[bak-uh nt, buh-kant, -kahnt]
noun, plural bac·chants, bac·chan·tes [buh-kan-teez, -kahn-] /bəˈkæn tiz, -ˈkɑn-/.
a priest, priestess, or votary of Bacchus; bacchanal.
a drunken reveler.
Origin of bacchant
Related formsbac·chan·tic, adjective
First recorded in 1690–1700, bacchant
is from the Latin
(stem of bacchāns,
present participle of bacchārī
to revel). See Bacchus
Based on the Random House Unabridged Dictionary, © Random House, Inc. 2019
Examples from the Web for bacchant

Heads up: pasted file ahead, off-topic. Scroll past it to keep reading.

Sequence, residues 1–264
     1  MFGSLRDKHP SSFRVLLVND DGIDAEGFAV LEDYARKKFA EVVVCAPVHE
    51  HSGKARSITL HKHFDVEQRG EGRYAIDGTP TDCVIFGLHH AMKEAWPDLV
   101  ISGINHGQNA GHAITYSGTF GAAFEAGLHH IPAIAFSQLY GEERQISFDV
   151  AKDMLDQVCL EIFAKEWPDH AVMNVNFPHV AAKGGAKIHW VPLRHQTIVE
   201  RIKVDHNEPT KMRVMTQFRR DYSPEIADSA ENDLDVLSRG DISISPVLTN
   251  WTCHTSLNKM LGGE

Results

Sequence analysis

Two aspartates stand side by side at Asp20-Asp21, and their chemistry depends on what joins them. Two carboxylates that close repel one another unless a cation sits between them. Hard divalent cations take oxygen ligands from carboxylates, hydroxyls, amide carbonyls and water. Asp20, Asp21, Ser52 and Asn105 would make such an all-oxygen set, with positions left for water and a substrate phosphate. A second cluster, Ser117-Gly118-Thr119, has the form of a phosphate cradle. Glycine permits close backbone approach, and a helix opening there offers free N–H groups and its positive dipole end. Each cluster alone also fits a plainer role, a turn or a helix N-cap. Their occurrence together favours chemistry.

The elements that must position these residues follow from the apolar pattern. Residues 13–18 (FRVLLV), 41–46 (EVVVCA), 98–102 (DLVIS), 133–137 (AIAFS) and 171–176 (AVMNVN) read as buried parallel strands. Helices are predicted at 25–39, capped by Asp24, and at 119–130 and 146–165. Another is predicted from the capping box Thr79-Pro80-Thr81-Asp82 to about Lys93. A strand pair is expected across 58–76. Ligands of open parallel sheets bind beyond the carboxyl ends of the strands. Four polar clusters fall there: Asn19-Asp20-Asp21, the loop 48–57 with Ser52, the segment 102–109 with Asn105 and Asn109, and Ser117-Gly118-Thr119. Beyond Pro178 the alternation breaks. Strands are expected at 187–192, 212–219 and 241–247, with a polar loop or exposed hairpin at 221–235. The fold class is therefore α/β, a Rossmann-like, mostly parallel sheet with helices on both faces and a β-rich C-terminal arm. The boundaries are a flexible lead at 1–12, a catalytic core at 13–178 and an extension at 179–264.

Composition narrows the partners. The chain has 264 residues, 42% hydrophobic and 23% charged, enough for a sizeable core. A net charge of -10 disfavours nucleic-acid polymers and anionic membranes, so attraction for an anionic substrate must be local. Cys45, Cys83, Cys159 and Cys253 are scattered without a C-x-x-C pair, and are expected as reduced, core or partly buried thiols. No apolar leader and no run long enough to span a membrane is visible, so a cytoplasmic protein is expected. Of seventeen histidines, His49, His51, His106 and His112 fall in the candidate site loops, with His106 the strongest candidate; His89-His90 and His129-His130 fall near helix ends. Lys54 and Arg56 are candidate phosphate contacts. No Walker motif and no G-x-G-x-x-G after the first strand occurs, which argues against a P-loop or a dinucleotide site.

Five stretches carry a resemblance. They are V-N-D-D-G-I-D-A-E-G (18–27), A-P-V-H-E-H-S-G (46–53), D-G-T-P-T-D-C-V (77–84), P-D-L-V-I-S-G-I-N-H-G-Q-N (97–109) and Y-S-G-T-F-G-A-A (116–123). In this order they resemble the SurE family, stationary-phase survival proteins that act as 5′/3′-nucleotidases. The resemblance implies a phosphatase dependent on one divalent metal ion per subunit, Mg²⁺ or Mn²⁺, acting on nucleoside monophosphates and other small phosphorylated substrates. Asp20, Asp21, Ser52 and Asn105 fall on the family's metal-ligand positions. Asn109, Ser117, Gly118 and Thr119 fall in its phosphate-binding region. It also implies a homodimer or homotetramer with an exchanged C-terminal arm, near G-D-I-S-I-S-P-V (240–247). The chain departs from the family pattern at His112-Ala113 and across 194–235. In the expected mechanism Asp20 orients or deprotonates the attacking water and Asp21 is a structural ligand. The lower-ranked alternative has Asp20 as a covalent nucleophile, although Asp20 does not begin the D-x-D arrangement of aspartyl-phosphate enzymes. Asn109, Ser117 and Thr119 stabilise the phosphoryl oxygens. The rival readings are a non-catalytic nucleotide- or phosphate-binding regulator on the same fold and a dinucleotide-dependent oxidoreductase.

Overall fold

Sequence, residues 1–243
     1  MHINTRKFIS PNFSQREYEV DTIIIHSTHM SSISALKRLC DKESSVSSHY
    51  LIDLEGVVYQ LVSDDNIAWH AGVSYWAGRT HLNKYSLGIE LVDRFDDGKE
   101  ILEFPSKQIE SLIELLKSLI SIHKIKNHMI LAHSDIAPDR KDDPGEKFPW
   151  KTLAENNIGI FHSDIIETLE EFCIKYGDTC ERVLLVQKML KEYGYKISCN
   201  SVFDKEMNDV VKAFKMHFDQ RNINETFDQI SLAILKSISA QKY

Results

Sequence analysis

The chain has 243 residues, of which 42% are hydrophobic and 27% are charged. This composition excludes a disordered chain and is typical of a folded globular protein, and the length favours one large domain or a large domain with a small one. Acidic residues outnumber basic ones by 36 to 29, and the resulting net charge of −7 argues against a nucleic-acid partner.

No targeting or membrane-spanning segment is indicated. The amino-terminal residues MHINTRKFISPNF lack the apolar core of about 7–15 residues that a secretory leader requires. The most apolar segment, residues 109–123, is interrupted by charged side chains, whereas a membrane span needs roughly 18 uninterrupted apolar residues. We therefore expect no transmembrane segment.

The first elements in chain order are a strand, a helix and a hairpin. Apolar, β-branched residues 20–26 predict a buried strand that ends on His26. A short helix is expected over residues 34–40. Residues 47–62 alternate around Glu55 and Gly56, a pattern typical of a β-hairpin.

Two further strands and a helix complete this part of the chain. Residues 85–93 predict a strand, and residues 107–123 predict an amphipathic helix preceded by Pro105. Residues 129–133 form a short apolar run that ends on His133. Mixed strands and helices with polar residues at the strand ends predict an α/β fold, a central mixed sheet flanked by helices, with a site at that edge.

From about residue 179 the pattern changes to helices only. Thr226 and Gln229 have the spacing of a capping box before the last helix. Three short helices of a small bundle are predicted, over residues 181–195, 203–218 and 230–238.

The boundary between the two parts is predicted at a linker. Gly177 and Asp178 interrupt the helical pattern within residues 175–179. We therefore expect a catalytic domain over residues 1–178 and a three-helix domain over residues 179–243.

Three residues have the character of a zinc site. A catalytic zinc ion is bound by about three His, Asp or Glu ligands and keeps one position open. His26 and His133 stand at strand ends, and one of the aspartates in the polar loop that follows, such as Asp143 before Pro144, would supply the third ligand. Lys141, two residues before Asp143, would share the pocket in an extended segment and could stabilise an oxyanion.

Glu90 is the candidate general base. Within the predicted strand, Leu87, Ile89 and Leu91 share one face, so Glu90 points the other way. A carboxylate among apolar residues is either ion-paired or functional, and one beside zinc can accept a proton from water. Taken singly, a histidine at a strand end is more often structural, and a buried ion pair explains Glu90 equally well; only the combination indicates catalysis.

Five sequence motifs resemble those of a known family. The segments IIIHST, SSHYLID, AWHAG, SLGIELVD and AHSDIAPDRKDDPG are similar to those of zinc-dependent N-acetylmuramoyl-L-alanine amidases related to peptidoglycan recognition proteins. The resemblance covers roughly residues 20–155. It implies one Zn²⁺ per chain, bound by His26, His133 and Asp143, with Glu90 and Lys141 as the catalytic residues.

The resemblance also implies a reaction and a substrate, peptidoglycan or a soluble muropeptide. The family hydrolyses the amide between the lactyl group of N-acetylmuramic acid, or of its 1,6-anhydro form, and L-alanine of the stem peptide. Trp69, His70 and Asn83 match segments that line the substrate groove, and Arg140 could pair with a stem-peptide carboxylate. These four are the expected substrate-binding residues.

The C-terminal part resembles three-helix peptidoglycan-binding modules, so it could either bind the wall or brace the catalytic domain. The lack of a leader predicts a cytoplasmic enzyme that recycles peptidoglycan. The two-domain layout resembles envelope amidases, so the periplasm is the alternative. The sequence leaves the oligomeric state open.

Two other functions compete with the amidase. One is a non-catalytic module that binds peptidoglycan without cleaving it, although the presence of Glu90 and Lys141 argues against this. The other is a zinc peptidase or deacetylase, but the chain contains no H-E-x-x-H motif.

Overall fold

Historical Examples of bacchant
Scenes of bacchant excitement and of wildest abandonment may be witnessed here.
He was in this, just as he was in everything else, a remnant of a past age; he had merely been transformed into a Bacchant!
But shall I be more like a Bacchant holding the thyrsus in my right hand, or in this?
British Dictionary definitions for bacchant
noun plural bacchants or bacchantes (bəˈkæntɪz)
a priest or votary of Bacchus
a drunken reveller
Word Origin for bacchant
C17: from Latin bacchāns, from bacchārī to celebrate the bacchanalia
Collins English Dictionary - Complete & Unabridged 2012 Digital Edition
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